Amid a rebounding stock market and economy, 36 tycoons on the 2021 Forbes’ Singapore Rich List saw their fortunes rise.

This year, the list has 42 fortunes worth US$1 billion or more. The combined net worth of the country’s 50 richest rose to $208 billion, up 25% from $167 billion last year. The complete list can be found here.

After shrinking 5.8% in 2020, Singapore’s economy has revived and is expected to grow 6% to 7% this year.

Regarded as one of the safest havens amid a global pandemic, the country is looking to ease border restrictions as vaccinations rise but remains on alert for any new upticks in Covid-19 infections.

Despite uncertainties, the benchmark Straits Times Index rose 26% since fortunes were last measured a year ago.

Li Xiting of Shenzhen Mindray Bio-Medical Electronics takes the top spot on the list for the first time; he is at No.1 with a net worth of $23 billion. With the coronavirus still at large, shares of his company, a maker of high-tech medical devices, rose 19% since last year, adding $5.2 billion to his net worth.

Facebook cofounder Eduardo Saverin added $6.5 billion to reclaim the No. 2 position after a two-year gap, with a record $20.5 billion fortune. Occupying third place on the list is paints tycoon Goh Cheng Liang, whose net worth rose $3.8 billion to $18.6 billion. His oldest son Goh Hup Jin orchestrated a $12 billion deal that increased the family’s holding to a majority stake in Japan’s Nippon Paint Holdings.

Hotpot couple Zhang Yong and Shu Ping, ranked No.1 last year, slips to No. 4 with a net worth of $16 billion, down from $19 billion previously. Shares of their restaurant chain, Haidilao International Holding, dropped nearly 17% the day net worth’s were locked in on news that the company’s performance was below expectations. They are among the seven listees whose fortunes declined.

Singapore’s efforts to foster a culture conducive to startups are paying off, as one-fifth of the list members are now self-made tech tycoons. Three among them, namely Forrest Li (No. 5, $15.9 billion), Gang Ye (No. 7, $10.3 billion) and David Chen (No. 13, $3.1 billion), cofounders of gaming and e-commerce firm Sea, are the biggest gainers in percentage terms after having more than doubled their individual wealth. The Sea trio have a collective wealth of $29.3 billion, up $16.7 billion from $12.6 billion from a year ago.

There are three newcomers this year. Making his debut on the Singapore Rich List is the Malaysian-born cofounder of Grab, Anthony Tan (No. 47, $790 million), who has previously featured among Malaysia’s richest. Tan, a Singapore citizen, is aiming to conclude one of the biggest SPAC deals later this year that values the Singapore-headquartered ride-hailing and delivery giant at $40 billion. Also new to the list are former college professor Shi Xu (No. 24, $1.8 billion), who became a billionaire following the October IPO of his NanoFilm Technologies International, and crypto billionaire Changpeng Zhao (No. 22, $1.9 billion), who has been living in Singapore since 2019.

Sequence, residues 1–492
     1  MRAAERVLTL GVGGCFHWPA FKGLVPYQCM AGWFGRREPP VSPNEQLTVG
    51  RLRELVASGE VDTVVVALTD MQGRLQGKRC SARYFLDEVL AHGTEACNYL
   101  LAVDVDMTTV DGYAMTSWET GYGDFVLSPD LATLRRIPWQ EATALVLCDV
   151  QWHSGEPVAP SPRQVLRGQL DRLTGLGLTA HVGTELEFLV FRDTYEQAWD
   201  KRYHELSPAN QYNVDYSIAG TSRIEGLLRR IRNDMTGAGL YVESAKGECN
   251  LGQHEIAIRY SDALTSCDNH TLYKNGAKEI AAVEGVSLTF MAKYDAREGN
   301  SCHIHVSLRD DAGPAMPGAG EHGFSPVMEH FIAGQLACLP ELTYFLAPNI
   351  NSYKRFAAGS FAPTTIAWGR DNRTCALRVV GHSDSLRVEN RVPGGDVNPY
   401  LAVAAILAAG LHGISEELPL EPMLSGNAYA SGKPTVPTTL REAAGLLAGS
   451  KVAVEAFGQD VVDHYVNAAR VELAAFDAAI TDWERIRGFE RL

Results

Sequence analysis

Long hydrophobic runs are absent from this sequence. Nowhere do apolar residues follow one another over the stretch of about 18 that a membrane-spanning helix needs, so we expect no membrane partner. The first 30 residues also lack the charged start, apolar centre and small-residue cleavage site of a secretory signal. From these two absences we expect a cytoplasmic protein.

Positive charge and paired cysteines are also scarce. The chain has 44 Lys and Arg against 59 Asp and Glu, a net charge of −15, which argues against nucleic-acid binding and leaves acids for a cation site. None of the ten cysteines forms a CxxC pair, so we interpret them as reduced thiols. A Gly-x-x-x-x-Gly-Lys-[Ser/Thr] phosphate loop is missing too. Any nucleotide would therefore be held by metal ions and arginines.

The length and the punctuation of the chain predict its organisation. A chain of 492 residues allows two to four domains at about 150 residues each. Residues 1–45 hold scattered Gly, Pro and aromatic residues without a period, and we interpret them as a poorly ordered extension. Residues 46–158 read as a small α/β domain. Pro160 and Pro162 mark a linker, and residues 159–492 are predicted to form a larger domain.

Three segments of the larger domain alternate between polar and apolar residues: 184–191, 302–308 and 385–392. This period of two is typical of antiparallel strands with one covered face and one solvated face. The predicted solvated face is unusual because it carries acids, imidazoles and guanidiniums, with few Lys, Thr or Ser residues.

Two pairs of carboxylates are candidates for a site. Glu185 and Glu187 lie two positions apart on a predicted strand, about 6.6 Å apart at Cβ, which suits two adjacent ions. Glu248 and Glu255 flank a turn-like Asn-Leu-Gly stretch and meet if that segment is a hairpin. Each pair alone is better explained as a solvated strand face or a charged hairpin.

There are three drop-offs on this year’s list, including pioneering shipping tycoon Chang Yun Chung, who died last September at age 102. His privately held Pacific International Lines, which was impacted by Covid-19 headwinds, concluded a debt restructuring plan in March that diluted the family’s holding to a minority stake.

The minimum net worth to make the list this year was $735 million, up from $610 million last year.

The top 10 richest in Singapore are:

  1. Li Xiting; US$23 billion
  2. Eduardo Saverin; $20.5 billion
  3. Goh Cheng Liang; $18.6 billion
  4. Zhang Yong & Shu Ping; $16 billion
  5. Forrest Li; $15.9 billion
  6. Robert & Philip Ng; $14.2 billion
  7. Gang Ye; $10.3 billion
  8. Kwek Leng Beng; $8.5 billion
  9. Wee Cho Yaw; $6.8 billion
  10. Khoo Family; $6.5 billion

The list was compiled using shareholding and financial information obtained from the families and individuals, stock exchanges, analysts and other sources.

Unlike the billionaire rankings, this list includes family fortunes, including those shared among extended families such as that of Kwek Leng Beng and his cousins.

Net worth are based on stock prices and exchange rates as of the close of markets on July 26, 2021. Private companies were valued based on similar companies that are publicly traded.

The list can also include foreign citizens with business, residential or other ties to the country, or citizens who don’t reside in the country but have significant business or other ties to the country. – (Forbes)


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